Quirky college essays must go

Schools waste time when they encourage their students to write strange application essays.

Jasper Johnson

While looking into graduate programs over the past few weeks, I’ve noticed many differences between graduate and undergraduate application processes. Most noticeably, essay prompts for graduate programs have a sense of professionalism which undergraduate application essays lack.
For example, MPR recently published a story about a local girl who wrote an undergraduate application essay about her love of Costco. The notion of any graduate program considering an essay like this is laughable.
The quirky essay seems endemic among students applying to undergraduate programs in the United States. With low college acceptance rates, applicants often feel the need to differentiate themselves from the crowd.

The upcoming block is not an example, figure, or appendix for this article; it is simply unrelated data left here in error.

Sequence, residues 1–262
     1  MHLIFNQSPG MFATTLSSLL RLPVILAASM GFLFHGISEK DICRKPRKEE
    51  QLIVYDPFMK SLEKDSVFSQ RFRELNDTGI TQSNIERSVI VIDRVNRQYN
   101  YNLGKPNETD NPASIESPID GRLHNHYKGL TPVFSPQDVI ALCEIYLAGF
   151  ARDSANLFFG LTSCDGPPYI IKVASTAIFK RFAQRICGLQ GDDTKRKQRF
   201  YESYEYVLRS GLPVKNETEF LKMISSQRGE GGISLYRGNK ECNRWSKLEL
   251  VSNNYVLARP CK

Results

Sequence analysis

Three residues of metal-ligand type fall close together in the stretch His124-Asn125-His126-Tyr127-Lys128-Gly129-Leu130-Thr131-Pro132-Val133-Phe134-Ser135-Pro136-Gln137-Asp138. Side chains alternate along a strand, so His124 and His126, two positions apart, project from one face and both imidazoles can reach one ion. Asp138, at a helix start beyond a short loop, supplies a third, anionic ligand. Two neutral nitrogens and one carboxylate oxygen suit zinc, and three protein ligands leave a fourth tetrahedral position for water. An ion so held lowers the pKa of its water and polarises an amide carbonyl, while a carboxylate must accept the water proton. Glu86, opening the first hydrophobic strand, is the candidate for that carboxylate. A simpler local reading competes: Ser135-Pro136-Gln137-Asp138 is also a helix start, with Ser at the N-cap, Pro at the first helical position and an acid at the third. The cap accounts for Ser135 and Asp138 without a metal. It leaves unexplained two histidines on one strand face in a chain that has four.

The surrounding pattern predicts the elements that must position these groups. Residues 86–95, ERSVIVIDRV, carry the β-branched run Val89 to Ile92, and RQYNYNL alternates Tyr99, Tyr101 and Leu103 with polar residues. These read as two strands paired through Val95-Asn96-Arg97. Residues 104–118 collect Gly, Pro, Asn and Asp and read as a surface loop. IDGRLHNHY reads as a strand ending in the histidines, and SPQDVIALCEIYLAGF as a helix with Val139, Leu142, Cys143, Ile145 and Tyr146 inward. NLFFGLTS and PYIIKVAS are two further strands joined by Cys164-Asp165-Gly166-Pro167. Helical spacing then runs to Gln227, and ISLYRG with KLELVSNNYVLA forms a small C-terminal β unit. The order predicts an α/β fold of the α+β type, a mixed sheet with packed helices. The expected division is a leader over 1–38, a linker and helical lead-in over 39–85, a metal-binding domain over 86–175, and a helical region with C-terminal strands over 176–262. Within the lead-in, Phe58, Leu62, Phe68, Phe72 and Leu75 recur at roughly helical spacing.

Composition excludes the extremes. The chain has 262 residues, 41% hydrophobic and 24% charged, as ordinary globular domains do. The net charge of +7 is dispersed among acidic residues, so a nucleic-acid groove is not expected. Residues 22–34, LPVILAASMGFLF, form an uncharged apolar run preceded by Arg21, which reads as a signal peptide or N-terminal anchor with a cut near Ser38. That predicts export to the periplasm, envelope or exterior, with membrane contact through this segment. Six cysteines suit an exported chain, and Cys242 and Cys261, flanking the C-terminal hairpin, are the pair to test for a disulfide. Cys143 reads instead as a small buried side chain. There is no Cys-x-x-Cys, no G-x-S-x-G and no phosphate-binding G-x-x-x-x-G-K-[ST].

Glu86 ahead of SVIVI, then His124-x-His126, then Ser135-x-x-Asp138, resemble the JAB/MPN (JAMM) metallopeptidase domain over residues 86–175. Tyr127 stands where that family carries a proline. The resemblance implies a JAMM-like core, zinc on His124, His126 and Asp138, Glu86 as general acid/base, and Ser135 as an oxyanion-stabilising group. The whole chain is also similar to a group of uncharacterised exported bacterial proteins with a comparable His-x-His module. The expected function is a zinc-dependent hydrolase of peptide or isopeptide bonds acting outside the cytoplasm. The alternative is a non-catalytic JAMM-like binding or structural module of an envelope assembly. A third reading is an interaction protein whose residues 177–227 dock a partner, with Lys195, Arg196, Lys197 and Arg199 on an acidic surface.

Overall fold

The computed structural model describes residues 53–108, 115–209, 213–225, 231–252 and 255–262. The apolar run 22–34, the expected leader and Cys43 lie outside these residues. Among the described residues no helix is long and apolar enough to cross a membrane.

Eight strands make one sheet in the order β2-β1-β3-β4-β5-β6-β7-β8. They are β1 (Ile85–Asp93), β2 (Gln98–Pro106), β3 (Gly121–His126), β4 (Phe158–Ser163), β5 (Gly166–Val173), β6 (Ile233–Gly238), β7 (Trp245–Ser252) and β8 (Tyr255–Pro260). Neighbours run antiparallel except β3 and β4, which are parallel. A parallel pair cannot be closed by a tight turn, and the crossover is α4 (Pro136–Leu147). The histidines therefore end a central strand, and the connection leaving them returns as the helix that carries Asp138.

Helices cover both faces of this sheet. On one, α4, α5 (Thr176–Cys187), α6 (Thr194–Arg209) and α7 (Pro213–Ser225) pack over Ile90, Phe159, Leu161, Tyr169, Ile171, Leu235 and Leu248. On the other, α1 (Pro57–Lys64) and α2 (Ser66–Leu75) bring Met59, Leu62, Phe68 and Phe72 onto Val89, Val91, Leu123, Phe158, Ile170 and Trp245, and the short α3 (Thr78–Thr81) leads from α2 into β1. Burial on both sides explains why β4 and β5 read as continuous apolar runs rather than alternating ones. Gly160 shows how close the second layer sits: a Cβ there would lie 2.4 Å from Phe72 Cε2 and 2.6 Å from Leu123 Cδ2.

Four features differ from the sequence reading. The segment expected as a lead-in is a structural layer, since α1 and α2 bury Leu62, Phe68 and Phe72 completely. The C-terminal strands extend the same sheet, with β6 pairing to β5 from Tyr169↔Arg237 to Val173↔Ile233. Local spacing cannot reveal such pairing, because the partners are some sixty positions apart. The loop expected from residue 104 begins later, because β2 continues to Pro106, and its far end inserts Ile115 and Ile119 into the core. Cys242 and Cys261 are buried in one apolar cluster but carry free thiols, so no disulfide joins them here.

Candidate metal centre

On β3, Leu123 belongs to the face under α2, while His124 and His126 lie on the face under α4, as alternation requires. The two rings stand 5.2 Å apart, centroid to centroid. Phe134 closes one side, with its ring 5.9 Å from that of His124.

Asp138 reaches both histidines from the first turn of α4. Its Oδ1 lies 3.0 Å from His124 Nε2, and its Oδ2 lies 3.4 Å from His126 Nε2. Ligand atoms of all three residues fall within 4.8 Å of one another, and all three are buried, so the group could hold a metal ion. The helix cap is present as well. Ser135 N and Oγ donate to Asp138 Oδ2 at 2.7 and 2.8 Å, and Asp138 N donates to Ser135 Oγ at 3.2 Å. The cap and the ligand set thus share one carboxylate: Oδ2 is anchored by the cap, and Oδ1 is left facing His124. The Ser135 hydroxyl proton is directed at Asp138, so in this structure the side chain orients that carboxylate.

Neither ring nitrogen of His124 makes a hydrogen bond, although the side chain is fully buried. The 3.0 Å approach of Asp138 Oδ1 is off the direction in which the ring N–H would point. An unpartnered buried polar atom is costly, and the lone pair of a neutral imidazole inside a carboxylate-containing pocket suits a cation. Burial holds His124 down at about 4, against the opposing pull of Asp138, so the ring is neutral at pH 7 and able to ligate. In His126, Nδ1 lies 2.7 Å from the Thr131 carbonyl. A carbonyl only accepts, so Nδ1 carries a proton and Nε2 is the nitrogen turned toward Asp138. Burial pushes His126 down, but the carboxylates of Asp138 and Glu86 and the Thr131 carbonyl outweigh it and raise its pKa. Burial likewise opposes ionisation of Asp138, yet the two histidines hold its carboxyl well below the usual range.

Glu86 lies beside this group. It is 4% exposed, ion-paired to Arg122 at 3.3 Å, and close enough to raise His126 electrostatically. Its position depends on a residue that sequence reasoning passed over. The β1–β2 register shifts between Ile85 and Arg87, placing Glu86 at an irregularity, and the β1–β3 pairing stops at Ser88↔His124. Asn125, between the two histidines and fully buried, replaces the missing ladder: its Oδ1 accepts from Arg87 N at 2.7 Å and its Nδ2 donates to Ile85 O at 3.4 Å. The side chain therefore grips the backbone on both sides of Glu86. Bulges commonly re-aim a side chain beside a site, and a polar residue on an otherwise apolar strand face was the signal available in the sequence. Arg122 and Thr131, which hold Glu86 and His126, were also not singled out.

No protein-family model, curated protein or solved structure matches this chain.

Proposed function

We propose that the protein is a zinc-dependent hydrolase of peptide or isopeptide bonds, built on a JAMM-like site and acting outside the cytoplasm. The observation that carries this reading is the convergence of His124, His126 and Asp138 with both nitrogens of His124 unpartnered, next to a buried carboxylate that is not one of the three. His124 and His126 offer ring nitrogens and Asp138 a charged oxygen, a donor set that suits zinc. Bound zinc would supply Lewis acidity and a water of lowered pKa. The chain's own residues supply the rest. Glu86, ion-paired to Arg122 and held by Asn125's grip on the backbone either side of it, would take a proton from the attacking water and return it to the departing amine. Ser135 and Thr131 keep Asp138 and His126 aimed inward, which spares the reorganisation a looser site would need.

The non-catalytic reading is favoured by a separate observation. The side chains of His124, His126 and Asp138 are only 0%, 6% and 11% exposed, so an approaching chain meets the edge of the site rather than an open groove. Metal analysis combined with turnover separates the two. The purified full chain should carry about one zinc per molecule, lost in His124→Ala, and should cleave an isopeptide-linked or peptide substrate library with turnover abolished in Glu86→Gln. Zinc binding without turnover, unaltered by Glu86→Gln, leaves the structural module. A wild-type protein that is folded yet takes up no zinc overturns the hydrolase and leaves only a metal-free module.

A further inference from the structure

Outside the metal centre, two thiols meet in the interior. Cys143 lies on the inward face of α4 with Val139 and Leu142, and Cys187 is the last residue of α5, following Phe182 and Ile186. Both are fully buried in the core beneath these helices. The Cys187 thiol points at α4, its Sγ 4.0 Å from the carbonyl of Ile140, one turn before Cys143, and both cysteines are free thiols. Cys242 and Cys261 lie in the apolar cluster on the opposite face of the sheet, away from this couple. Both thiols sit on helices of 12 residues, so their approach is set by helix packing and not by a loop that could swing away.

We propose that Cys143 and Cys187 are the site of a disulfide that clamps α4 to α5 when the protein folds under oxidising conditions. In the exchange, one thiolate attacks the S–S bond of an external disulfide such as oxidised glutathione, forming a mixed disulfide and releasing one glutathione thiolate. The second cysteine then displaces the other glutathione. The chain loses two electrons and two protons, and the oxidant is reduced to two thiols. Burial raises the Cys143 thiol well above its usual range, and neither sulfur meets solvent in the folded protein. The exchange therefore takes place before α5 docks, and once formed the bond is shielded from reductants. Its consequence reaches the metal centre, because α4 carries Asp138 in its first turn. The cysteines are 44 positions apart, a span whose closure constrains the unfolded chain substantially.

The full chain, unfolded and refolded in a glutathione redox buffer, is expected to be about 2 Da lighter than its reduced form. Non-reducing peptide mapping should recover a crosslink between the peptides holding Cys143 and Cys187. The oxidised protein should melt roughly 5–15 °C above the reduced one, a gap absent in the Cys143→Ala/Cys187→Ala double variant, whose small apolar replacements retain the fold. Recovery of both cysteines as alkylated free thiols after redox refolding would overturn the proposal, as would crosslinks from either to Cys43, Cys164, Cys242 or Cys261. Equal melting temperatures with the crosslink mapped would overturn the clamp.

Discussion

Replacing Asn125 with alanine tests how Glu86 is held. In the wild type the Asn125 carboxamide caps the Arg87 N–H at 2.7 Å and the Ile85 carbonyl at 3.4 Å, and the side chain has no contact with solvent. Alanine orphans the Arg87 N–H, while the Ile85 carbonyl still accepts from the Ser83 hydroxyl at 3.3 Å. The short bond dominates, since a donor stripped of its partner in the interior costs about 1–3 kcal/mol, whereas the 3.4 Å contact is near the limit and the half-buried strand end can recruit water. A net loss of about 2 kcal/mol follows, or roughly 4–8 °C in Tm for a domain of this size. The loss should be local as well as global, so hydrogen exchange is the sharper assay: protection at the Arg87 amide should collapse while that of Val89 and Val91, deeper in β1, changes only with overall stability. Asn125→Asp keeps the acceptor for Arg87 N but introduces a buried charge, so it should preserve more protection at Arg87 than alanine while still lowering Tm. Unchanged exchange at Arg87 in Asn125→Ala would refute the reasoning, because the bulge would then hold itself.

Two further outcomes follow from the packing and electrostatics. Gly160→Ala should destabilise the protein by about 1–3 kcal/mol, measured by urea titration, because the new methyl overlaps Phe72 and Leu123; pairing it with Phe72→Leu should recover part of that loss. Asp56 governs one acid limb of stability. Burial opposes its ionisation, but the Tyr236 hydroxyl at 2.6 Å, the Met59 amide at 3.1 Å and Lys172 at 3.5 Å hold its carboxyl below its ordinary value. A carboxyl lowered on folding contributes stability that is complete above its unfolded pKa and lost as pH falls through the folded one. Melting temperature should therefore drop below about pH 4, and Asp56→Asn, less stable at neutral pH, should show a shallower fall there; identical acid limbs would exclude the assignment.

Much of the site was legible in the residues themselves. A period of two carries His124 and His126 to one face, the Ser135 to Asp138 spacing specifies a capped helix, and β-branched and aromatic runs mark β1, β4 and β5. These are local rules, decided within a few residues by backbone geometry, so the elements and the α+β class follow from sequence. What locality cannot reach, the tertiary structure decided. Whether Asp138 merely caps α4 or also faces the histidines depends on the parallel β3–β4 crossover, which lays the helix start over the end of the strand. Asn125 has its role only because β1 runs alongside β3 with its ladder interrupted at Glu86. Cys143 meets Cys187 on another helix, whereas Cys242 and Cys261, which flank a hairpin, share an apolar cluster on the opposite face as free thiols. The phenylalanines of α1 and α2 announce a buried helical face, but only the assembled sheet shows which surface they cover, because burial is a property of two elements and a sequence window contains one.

Nevertheless, racing to write the quirkiest, most off-beat essay is unwise. Bizarre essays don’t indicate students’ potential to perform well in an academic environment, nor are these kinds of college essays testaments to their character.
The University of Minnesota has application options that forego essays. This, at least, avoids the pitfalls of quirkiness. However, it also neglects a student’s writing abilities. 
Trying to “get to know” a student via silly, creative stories detracts from the opportunity to explore writing skills and important personal interests. With that in mind, I encourage application committees at the University and other schools to require prospective students to write something akin to a personal statement for a job, instead of humorous, creative pieces. 
Writing skills are an important part of academic success, and an application should evaluate them with meaningful writing prompts.
Jasper Johnson welcomes comments at [email protected].